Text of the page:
Durf sent along an interesting post about お陰様で on Japan Echo by a Japanese columnist. He notes that お陰様で has been used frequently in the areas affected by the earthquake and tsunami. The examples show how it’s really just an idiomatic greeting that can be used to acknowledge someone’s concern for your person. Most excellent. Start using it…now.
I was curious to see that the writer’s wife, a Kansai native, was unfamiliar with the term. My friend who just had a baby is from Sendai, but I can’t remember where my Japanese teacher is from. For the most part they tried to teach us 標準語 (ひょうじゅんご), so I’m tempted to say that お陰様で works in the capital as well.
Thanks for the post. You can see the original Japanese text of Ishida’s essay (and its Chinese translation) on the site as well:
Nice posts! I was afraid you’d been abducted by mysterious beings from another reality. Ishida’s essay is interesting too, especially the part about his wife never saying “okagesama de” because she thinks it sounds sarcastic. As a shutoken/”standard” speaker, I found all three of his usage examples quite unremarkable, but on the other hand sometimes when I say “okagesama de” my wife (also shutoken-born and -bred) informs me that I sound sarcastic and should say “okage de” in that situation instead. In other contexts, though, she has no problem with the phrase, and she uses it herself at times.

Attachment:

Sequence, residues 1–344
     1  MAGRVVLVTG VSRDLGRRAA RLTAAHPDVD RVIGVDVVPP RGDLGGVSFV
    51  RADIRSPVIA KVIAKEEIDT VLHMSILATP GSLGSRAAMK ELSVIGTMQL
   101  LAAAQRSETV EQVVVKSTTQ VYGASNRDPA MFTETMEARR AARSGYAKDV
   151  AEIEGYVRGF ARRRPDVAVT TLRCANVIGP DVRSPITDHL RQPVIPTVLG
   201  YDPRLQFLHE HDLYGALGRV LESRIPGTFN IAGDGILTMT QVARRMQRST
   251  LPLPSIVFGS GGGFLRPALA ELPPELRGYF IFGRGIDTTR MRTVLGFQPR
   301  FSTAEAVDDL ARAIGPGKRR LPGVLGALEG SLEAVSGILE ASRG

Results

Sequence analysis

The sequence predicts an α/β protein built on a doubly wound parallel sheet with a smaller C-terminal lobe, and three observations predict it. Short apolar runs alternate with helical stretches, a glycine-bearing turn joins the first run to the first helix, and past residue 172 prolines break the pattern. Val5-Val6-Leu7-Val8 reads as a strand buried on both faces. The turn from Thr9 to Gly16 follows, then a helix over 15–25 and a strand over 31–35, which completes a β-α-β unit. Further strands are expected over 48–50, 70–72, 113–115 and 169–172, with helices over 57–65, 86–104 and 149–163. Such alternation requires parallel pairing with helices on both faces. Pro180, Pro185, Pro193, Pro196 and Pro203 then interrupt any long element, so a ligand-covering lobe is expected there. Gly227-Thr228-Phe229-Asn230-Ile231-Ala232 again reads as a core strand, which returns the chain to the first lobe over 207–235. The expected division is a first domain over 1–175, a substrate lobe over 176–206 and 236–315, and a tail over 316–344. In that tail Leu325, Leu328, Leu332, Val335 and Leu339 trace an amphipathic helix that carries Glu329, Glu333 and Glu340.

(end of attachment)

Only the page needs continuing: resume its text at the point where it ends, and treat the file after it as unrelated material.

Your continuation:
Maybe it’s a continuum, with Tohoku speakers using “okagesama de” very broadly, Kanto speakers somewhat more sparingly, and Kansai speakers never.
Yeah, I kind of fell off the planet during the winter holiday. I was still relatively productive (school reading, school writing), so hopefully I’ll be able to blog more this semester.
I can see how it could easily be used sarcastically. I think so much keigo can be used that way. We’ve talked about 遠慮 before, but even いらっしゃいませ works well – I used to say that as students walked in the classroom and it always got a laugh.
And I’m still not sure about Kansai. The friend who emailed me the example sentence I just posted says he learned お陰様で from his Kansai host mom. I think this would require the research of more than just one columnist.
I just checked in my 日本語文型辞典 and the entry for おかげで is pretty small. There are a bunch of examples, most of the conjunction type usage, and the one idiom example just gets the small comment 慣用的なあいさつ.